More Thoughts on Shame — From “Mending the Soul” by Steven Tracy
By now you will no doubt realize that we highly recommend Steven Tracy’s book, Mending the Soul. It contains a chapter devoted to the effects of abuse on the victim, and the very first effect discussed is shame. Let me emphasize to all of us once again that shame must be confronted, or it will continue to work (largely hidden) to enslave us and hinder recovery from abuse. Shame-based people can be unapproachable because shame isolates. It sabotages our relationships and even gets in the way of our relationship with ourselves and with the Lord. Have you ever looked at a picture of yourself and turned it over, even though it really wasn’t such a bad photograph as far as quality and pose and so on? Why did you turn it over, or turn away? Similarly, there may well be readers of this very article who turn away from it because they are even ashamed of their shame. But toxic shame is nothing to be ashamed of. As Morven Baker explained recently in one of her comments, shame needs to be put back onto the abuser, because he is the one who needs to be ashamed, not the victim.
Here are Tracy’s thoughts, in part. The Mary Beth he mentions is a young woman who had been abused and was bound in shame:
“I’m convinced that shame is the most powerful human emotion. It often overwhelms, directs, and transforms all other emotions, thoughts, and experiences. For instance, no matter what Mary Beth was told by friends, pastors, or her doctor, and no matter what she felt or experienced, the conclusion would always be the same: she was a dirty, wicked, fat girl who deserved to suffer. Her shame hijacked all other internal and external voices. Once a destructive shame virus has infected our mental hard drive, it’s extremely difficult to remove because it filters all thoughts and feelings that could be used to remove it. For example, when abuse victims like Mary Beth experience sensory pleasure (touch, pleasant music, and the like), they often instinctively feel guilty. These guilt feelings then reinforce the internal shame grid and strengthen the core belief that they are disgusting and dirty. This is true for positive accomplishments as well. For example, when Mary Beth received an A in one of her courses, instead of accepting that the good grade gave evidence of her academic skills and hard work, her shame acted as an emotional parasite. It sucked all the healthy nutrients out of the experience by letting the A in this course make her feel bad for all the times in her life she didn’t get an A. It might also have convinced her that she didn’t really deserve the A; maybe the teacher just felt sorry for her. Thus, all experiences, including very positive accomplishments, indict and assault the self. While shame is universally and profoundly experienced, it is seldom understood. For instance, there’s no scholarly consensus on what constitutes shame. But I’ll risk giving my own definition: Shame is a deep, painful sense of inadequacy and personal failure based on the inability to live up to a standard of conduct—one’s own or one imposed by others. Regardless of the subjectivity, fickleness, or rationality of the standard that was violated, if it’s a standard that we or others who are important to us value, it will produce shame. Because shame is connected with one’s failure to live up to an important standard of conduct, shame creates a sense of disgust toward self. Thus, shame makes us want to hide from others and even from ourselves. Longtime Fuller Theological Seminary professor Lewis Smedes paints a clear picture of the feeling of shame: Shame is a very heavy feeling. It is a feeling that we do not measure up and maybe never will measure up to the sorts of persons we are meant to be. The feeling, when we are conscious of it, gives us a vague disgust with ourselves, which in turn feels like a hunk of lead on our hearts. . . . [Shame is] like an invisible load that weighs our spirits down and crushes out our joy. It is a lingering sorrow.”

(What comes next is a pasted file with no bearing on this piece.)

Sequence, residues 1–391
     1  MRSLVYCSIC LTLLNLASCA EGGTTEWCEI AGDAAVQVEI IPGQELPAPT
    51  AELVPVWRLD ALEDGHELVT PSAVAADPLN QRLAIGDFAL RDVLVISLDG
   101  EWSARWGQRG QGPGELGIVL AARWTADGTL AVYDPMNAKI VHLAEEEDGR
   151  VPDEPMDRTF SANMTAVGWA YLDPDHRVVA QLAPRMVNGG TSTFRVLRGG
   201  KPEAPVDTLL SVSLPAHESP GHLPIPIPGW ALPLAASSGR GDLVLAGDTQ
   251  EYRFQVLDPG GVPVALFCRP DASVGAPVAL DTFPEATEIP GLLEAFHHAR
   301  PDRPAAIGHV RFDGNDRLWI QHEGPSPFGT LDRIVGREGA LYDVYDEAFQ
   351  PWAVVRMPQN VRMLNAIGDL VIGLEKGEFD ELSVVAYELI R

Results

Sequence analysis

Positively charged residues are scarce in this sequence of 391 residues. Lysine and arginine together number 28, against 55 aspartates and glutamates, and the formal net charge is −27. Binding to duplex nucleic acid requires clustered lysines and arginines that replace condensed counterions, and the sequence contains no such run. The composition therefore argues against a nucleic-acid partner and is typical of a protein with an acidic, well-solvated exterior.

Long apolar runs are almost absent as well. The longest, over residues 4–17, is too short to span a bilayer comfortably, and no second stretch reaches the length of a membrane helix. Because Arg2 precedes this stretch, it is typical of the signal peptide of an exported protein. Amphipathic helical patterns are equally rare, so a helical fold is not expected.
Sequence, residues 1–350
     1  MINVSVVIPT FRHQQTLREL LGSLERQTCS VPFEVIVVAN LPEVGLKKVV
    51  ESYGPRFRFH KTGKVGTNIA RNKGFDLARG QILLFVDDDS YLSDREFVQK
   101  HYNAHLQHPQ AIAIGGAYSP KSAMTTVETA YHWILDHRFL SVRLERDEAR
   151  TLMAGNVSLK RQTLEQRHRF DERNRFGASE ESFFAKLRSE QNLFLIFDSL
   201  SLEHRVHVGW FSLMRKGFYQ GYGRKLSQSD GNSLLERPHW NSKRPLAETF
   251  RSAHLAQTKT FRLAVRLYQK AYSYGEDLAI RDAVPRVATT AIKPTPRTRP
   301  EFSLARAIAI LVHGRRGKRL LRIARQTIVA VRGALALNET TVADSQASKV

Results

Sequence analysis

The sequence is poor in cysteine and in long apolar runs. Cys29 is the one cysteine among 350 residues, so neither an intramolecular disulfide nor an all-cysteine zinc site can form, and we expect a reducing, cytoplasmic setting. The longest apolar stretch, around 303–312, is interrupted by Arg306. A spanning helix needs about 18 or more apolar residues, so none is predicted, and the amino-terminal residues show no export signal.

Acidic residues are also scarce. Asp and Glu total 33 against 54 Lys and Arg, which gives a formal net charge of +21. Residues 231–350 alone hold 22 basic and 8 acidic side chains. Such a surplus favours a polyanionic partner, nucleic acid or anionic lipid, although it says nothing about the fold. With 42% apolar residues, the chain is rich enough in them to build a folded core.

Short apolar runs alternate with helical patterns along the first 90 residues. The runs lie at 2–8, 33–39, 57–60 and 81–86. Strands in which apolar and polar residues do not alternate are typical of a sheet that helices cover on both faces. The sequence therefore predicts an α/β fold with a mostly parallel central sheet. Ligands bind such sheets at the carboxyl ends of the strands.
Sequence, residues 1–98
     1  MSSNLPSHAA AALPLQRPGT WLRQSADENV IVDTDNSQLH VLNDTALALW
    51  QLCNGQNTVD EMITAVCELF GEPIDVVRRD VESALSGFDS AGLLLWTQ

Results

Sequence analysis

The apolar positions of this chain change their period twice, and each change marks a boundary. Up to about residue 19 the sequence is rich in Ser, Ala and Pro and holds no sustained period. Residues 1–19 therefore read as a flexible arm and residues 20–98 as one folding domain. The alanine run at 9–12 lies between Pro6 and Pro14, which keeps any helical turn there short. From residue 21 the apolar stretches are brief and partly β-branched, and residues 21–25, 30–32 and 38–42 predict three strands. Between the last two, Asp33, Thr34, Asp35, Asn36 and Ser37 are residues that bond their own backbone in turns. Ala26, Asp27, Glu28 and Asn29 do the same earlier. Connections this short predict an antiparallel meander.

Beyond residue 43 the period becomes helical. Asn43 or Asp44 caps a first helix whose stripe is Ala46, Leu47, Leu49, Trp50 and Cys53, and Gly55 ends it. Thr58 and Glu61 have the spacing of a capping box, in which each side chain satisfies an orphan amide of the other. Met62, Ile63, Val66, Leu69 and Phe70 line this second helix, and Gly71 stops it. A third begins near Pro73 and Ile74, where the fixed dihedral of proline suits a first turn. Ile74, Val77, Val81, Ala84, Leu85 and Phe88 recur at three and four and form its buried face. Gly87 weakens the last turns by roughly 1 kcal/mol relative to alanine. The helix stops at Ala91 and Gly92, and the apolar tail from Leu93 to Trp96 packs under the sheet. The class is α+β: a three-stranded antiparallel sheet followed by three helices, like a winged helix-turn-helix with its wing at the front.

Tracy, Steven R. (2009-05-19). Mending the Soul: Understanding and Healing Abuse (Kindle Locations 1423-1446). Zondervan. Kindle Edition.